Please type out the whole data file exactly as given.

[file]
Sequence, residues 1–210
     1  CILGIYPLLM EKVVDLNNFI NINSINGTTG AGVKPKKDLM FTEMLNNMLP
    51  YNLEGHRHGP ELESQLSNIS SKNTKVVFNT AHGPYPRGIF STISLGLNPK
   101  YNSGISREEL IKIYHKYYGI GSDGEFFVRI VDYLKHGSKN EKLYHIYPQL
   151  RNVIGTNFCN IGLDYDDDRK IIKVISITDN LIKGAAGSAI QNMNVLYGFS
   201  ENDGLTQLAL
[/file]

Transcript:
Sequence, residues 1–210
     1  CILGIYPLLM EKVVDLNNFI NINSINGTTG AGVKPKKDLM FTEMLNNMLP
    51  YNLEGHRHGP ELESQLSNIS SKNTKVVFNT AHGPYPRGIF STISLGLNPK
   101  YNSGISREEL IKIYHKYYGI GSDGEFFVRI VDYLKHGSKN EKLYHIYPQL
   151  RNVIGTNFCN IGLDYDDDRK IIKVISITDN LIKGAAGSAI QNMNVLYGFS
   201  ENDGLTQLAL